How to Write a Standout Resume for Graduate School

Dr. Ellen E. Mauer
Dr. Ellen E. Mauer
Elementary school principal; Ph.D. in Educational Leadership & Policy Studies

Writing a resume for an application to graduate school is a little different than writing a resume for a job application. This type of resume looks more like a curriculum vitae (CV) rather than a job resume. It will be expanded to several pages and more focused upon life and academic experiences rather than a quick look at what jobs have been held in the past. Having a standout resume for graduate school can give you that extra boost over other applicants. Explore our tips below!

Keep it Focused

Be sure to focus the CV toward the specific graduate program for which one is applying. Do not pad with unnecessary words. Keep in mind that graduate schools are looking for motivated individuals with a good work ethic. They seek maturity and creativity in a student. Graduate-level students are expected to have some semblance of leadership, be able to work well with others, and will be able to contribute positively to the classes they take. The resume, or CV, should emphasize these qualities and characteristics. Teachers applying for graduate school will want to be sure that they know which program is best suited for what they want. Graduate-level reading or special education programs will look for different skills than an administrative program, for example. Keep the focus on the program goals.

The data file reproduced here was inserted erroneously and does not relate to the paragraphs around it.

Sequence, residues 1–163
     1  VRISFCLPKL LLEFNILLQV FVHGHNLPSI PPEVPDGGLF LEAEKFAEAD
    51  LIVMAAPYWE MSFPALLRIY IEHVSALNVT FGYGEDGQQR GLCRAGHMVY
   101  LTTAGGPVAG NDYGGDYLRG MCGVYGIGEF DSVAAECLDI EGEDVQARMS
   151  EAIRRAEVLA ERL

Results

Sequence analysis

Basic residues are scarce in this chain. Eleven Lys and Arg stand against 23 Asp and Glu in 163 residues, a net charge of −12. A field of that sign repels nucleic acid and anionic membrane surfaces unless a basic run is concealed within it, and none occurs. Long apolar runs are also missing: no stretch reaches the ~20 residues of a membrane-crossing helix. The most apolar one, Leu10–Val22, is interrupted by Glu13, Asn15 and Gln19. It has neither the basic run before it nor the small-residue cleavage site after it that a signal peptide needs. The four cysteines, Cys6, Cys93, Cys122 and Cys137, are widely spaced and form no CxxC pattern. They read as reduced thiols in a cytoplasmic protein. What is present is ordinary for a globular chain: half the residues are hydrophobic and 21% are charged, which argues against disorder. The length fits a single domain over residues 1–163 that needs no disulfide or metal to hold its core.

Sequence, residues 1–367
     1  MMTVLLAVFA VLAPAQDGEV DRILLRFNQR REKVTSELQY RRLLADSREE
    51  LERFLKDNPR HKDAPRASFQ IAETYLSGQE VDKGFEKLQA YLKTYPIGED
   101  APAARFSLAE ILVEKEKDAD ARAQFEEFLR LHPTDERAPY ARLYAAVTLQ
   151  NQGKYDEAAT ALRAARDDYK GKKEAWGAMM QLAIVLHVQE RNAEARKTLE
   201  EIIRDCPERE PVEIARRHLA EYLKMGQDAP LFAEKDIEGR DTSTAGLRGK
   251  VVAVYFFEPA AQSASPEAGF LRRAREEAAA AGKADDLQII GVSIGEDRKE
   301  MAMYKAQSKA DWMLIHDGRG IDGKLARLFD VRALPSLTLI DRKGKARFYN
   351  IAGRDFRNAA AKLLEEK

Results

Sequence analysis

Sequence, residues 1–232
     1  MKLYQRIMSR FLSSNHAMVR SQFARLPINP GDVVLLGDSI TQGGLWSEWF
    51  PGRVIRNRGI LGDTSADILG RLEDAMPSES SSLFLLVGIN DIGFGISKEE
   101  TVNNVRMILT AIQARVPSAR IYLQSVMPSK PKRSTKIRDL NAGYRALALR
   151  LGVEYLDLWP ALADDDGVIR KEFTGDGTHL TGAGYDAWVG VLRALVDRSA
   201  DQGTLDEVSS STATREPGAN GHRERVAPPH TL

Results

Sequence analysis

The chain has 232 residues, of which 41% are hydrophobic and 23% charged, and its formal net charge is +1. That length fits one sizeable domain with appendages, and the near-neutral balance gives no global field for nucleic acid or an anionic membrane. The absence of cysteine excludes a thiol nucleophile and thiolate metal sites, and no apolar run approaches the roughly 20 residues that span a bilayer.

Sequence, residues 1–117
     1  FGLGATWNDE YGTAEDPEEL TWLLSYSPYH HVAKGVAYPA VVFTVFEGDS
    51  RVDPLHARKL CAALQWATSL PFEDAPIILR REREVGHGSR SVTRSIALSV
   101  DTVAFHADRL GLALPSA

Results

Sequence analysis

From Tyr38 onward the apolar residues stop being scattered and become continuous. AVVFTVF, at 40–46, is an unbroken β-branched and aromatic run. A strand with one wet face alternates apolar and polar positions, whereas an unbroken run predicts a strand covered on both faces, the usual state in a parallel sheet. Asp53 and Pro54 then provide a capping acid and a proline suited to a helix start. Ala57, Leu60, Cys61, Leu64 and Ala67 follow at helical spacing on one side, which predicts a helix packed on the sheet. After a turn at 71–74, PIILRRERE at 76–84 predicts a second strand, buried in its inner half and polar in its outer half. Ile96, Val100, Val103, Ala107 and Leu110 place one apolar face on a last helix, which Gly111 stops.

Highlight Academic Accomplishments

Academic accomplishments should be highlighted, paying particular attention to those that demonstrate creativity or the ability to analyze in reading and writing. Academic achievements may be items such as scholarships, honor roll, valedictorian, dean’s list, National Merit Scholar, completion of degree or certification programs, or any awards that may have been won for academics.

Include Internships and Volunteer Work

It is crucial to include volunteer work and internships in a CV. This is a great opportunity to demonstrate special skills and experiences that cannot be seen in other kinds of jobs or categories. Connect the work with the skills that it demonstrates and focus them toward the major in graduate school that is being applied for. Be sure to list if it is a paid or unpaid internship. Briefly describe what the goal was and what was accomplished with the work.  Volunteer work will speak well to a student’s character and motivation. It can help show that one is community-minded. When writing about experiences, keep it positive as to how the service helped rather than a negative aspect that focused more on change in the community. Always keep it positive!

Include Technical Competencies